Previously published in Examiner
Part 10 of the Forensic DNA series
Ethical concerns about DNA Testing Continued
At present many law enforcement agencies do not destroy DNA samples from people who were suspected but not actually convicted of the crime. Again, it is conceivable that the entire DNA genome (all genetic information) can leak out into the wrong hands.
There is a backlog of DNA samples that need to be entered into the CODIS database, since there is a statute of limitations in many cases, this information that could have been useful in the determination of verdict in a case will now be rendered useless.
Discretion concerning legal DNA testing for legal purposes
Which cases require DNA testing and why? The rules are different worldwide. In the UK, all arrested persons must submit to a DNA test. Is this a good practice or not? Should the whole DNA history of an individual be revealed to the court system because the arrested individual is suspected of shoplifting? Where should one draw the line?
On the other hand, in the USA, the individual State decides who to test and who not to test. A landmark case changed the practices of the State of New Mexico, regarding DNA testing. The Katie’s Bill was passed requiring DNA testing for almost all felony charges when suspected of a felon. Prior to this law only convicted felons underwent DNA testing, but the murder of Katie Sepich remained unsolved. Her murderer was discovered only years later when his DNA was entered in the database because he was convicted of an entirely different felony. He escaped the first time because he was never convicted. With the new law, anyone arrested even though not yet convicted, will undergo DNA and murderers will be identified much quicker.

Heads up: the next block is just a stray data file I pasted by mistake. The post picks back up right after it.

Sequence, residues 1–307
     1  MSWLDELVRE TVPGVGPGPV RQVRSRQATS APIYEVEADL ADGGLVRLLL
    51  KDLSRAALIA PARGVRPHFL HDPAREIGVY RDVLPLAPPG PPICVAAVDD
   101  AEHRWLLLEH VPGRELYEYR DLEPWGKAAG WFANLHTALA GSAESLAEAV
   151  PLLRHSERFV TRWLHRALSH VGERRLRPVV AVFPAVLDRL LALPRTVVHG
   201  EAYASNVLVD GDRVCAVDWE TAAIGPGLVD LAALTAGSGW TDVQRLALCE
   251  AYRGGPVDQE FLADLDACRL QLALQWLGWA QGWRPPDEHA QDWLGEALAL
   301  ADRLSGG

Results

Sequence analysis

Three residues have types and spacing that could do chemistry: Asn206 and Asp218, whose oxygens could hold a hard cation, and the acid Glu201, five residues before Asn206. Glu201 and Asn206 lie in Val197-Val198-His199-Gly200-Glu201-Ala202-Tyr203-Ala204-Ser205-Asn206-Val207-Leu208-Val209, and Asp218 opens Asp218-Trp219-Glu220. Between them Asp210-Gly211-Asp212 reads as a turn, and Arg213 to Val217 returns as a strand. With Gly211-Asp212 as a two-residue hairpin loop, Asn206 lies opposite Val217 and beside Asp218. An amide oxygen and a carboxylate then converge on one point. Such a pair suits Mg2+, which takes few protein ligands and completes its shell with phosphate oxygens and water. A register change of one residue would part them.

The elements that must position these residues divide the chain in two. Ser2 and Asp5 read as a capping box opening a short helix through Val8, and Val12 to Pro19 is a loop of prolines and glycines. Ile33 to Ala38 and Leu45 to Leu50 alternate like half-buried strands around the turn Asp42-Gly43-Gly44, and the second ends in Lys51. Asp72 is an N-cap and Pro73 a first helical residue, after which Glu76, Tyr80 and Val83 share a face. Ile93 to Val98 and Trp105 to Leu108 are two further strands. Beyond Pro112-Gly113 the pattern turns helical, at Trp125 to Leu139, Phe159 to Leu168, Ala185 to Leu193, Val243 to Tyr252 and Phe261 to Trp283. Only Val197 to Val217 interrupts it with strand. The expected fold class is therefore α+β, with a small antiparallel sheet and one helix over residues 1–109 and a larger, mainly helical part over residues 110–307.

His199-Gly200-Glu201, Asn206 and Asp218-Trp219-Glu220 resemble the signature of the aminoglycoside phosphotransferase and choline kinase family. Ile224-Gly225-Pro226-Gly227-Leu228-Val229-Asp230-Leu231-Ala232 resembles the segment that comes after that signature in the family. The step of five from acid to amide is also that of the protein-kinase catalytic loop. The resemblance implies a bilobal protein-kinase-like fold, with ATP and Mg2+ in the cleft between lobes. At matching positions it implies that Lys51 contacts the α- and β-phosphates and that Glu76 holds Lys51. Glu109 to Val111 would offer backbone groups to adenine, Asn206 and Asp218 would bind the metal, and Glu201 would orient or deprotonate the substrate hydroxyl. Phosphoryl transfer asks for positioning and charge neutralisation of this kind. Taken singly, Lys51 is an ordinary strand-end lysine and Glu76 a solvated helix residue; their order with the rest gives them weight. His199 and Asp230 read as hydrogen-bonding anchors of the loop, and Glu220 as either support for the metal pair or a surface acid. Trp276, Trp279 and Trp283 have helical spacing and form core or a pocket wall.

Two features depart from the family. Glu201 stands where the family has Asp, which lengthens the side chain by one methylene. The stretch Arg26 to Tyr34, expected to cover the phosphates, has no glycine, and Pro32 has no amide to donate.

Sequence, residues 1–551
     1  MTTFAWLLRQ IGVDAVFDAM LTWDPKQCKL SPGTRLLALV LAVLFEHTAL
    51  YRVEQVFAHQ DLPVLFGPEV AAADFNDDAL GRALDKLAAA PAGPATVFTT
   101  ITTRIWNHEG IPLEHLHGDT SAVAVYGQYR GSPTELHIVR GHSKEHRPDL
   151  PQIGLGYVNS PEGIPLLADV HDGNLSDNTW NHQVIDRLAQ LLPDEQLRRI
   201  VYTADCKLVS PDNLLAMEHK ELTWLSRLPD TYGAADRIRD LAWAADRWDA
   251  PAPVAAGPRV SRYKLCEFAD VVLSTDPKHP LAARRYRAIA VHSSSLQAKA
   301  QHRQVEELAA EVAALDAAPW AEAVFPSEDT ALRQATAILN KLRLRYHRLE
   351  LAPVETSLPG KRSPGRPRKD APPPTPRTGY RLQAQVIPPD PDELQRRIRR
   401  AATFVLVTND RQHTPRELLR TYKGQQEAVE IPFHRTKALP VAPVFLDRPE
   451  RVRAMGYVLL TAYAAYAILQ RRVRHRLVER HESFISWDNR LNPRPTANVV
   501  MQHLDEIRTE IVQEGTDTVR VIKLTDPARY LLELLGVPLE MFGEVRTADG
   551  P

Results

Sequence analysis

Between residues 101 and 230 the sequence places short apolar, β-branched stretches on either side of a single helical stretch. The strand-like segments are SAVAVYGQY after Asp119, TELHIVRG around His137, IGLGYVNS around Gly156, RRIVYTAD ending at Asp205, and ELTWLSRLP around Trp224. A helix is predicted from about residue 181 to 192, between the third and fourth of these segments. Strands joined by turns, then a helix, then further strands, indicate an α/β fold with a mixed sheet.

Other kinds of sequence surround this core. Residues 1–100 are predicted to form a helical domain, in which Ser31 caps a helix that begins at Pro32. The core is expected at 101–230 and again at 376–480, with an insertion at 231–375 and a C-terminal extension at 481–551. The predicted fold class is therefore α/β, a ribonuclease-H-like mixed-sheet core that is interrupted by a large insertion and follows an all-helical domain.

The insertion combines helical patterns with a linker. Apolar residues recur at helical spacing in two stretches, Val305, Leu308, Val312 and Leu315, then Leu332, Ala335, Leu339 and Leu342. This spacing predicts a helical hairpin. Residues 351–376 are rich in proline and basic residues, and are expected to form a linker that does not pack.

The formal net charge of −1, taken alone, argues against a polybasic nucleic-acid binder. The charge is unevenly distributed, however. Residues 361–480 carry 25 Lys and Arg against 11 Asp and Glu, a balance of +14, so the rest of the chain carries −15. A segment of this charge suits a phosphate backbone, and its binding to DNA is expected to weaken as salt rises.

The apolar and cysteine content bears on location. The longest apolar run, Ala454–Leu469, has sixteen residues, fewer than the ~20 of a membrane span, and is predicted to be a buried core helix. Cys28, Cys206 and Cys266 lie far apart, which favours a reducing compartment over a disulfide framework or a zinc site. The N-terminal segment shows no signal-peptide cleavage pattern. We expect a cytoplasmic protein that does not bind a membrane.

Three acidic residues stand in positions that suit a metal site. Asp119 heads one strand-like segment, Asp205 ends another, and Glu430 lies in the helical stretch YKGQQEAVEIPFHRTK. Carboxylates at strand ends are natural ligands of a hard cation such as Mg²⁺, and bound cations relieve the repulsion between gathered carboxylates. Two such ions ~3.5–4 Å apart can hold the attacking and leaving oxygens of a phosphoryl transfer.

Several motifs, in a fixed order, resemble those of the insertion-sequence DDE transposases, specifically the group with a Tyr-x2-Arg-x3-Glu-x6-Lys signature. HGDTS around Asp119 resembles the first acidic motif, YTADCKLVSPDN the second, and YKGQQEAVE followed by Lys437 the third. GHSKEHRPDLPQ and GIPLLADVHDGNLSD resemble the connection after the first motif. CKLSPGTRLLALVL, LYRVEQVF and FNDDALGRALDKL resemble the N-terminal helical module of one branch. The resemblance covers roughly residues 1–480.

Pro-ADN Diagnostic is Montreal’s Major DNA Testing Center
3885 Industriel Blvd.
Laval, QC H7L 4S3
T: (450) 663-6724 ext. 247
F: (450) 663-4428